There has been debate recently concerning comments about government policy, quite unrelated to his own duties, posted by Centers for Disease Control (CDC) Deputy Director-General Shih Wen-yi (施文儀) on his Facebook page. In the populist and politicized discourse surrounding the issue, many people have lost sight of certain pertinent aspects, and it is to those that I now turn.
First, Facebook is not a private space: It has become something of the default modern forum for social interaction and discourse, and as such it is not entirely private in nature. Facebook falls somewhere between the private and the public domain, or perhaps one could say that, within modern life, Facebook is public to a certain degree.
Given this, Shih’s comments, having been reported in the press, have become a public issue. At least part of the reason for this is the sensitive nature of Shih’s position.
Second, it is not appropriate for government officials to publicly express their opinions about policy that are not related to their own duties. As Facebook is not an entirely private space, and Shih’s position as deputy director-general of the CDC is public in nature, it is common sense that it is not appropriate for an official in a public position to make “semi-public” comments about government policy unrelated to their own professional remit.
While one can concede Shih did nothing illegal here, he was nevertheless in clear violation of administrative ethics and disciplinary codes. If everyone agrees that this behavior was inappropriate, how such inappropriate behavior is to be dealt with can, and should be, addressed.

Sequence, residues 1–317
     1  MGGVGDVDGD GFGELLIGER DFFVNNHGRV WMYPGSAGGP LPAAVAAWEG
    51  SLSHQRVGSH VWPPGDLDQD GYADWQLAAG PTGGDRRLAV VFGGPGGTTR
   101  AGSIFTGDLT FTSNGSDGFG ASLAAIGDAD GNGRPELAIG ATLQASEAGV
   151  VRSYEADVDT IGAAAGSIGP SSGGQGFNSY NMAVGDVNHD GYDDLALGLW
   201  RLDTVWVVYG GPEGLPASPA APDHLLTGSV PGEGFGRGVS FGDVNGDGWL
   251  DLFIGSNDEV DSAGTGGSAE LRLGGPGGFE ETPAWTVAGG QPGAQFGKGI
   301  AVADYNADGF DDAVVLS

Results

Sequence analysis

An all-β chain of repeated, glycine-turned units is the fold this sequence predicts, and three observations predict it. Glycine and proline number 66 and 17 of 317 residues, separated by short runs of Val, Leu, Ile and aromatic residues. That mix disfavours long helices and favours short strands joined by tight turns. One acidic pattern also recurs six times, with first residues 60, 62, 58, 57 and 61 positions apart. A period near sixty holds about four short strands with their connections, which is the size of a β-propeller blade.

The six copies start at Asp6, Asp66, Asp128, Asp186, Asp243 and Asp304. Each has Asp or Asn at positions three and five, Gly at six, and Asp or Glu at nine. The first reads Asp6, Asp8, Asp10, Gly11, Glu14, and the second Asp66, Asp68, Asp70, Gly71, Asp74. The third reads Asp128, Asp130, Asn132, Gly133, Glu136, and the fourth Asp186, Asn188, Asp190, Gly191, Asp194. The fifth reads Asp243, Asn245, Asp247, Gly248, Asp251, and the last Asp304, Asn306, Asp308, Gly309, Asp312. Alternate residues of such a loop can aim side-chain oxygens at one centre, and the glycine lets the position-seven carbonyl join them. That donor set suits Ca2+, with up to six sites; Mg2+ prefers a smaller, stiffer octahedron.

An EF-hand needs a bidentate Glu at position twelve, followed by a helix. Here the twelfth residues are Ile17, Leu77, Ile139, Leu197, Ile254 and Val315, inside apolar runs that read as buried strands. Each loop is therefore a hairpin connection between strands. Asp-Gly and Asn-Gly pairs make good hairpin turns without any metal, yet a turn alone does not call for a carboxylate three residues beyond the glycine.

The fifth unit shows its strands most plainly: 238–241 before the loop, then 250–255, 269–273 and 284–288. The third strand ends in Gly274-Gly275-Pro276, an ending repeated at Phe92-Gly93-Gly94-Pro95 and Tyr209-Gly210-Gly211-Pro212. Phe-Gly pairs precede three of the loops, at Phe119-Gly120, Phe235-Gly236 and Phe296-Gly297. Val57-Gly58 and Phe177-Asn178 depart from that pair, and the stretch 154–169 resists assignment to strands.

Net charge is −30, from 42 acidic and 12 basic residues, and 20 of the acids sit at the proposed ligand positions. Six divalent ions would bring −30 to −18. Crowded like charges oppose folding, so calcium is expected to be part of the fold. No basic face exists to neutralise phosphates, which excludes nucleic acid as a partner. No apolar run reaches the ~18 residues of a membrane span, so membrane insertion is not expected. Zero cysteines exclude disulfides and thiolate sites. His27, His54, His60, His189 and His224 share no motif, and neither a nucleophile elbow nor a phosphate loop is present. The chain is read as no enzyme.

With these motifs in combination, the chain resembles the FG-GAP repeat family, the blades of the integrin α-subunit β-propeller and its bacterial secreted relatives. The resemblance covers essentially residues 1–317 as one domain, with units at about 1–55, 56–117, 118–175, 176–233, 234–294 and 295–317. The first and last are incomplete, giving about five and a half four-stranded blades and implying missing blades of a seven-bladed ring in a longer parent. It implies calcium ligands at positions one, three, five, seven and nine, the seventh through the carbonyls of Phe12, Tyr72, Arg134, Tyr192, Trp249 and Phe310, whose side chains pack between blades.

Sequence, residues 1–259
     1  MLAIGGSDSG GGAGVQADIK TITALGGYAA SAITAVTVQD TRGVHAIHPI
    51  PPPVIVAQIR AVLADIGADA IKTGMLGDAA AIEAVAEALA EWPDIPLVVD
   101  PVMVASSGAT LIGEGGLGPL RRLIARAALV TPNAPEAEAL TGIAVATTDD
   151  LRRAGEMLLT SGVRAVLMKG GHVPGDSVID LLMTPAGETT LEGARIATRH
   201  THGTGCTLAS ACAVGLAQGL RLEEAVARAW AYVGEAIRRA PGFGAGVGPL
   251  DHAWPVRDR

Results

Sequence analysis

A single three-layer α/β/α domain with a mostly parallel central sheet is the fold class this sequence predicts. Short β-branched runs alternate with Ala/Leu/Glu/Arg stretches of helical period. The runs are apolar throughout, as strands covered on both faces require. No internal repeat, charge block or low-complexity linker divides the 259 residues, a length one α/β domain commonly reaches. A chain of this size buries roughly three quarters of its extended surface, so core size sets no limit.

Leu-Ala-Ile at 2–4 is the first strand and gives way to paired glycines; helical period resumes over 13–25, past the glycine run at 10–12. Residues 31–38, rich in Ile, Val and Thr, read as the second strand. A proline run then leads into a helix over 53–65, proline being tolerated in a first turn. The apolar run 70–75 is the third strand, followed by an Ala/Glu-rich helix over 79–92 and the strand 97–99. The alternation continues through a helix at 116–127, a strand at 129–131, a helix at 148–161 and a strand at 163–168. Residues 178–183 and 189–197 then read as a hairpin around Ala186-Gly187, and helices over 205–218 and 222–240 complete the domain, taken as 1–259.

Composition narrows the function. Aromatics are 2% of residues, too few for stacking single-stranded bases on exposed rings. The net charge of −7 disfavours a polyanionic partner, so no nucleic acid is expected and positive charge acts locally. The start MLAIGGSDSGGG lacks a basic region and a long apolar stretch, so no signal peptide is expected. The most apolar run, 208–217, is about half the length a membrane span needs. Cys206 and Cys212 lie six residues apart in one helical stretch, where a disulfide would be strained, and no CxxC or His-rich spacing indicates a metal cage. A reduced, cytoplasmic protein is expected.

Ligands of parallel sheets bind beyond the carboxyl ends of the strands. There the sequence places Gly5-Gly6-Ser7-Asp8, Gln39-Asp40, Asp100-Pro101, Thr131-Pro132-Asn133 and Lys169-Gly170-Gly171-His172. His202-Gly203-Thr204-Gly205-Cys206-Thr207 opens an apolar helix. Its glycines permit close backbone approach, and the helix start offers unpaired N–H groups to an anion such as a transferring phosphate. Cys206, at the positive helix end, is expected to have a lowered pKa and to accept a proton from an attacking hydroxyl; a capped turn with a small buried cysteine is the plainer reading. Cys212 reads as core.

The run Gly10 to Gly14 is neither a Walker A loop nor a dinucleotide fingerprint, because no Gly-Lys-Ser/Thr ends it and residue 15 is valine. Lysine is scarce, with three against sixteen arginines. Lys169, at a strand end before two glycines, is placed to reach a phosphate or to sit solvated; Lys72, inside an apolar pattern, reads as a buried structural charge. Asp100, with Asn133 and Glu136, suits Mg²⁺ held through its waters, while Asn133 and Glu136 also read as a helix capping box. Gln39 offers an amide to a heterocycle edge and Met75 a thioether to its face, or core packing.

Third, controls over how such behavior is dealt with need to be put in place. At the moment the public is concerned mostly about whether the government would cause a “chilling effect” by disciplining Shih. That is, if it cracks down here, the fear is that it will discourage dissenting views. There are also concerns over whether such disciplinary action would run counter to the freedom of expression that is guaranteed by the Constitution. A reasonable interpretation of this would be that the constitutionally guaranteed freedom of expression primarily concerns the public and the press, and that certain restrictions do apply.
We cannot allow, for example, the freedom of expression to result in slander or the breakdown of social order. That is to say, if a certain type of behavior is deemed inappropriate, certain regulations ought to be put in place to lower the chances of such behavior occurring. We cannot simply allow concerns over the chilling effect or the freedom of expression to cloud our judgment as to what constitutes inappropriate behavior.
The point is perhaps not whether this behavior should be disciplined or not; the point is whether there should be rules in place to address it. Shih’s behavior was clearly inappropriate, but if the public becomes preoccupied with whether or not he should be disciplined for his actions, we will miss the opportunity to discuss establishing controls on ethical behavior for public servants.
Yang Yung-nane is a professor of political science and director of the Graduate Institute of Political Economy at National Cheng Kung University.
Translated by Paul Cooper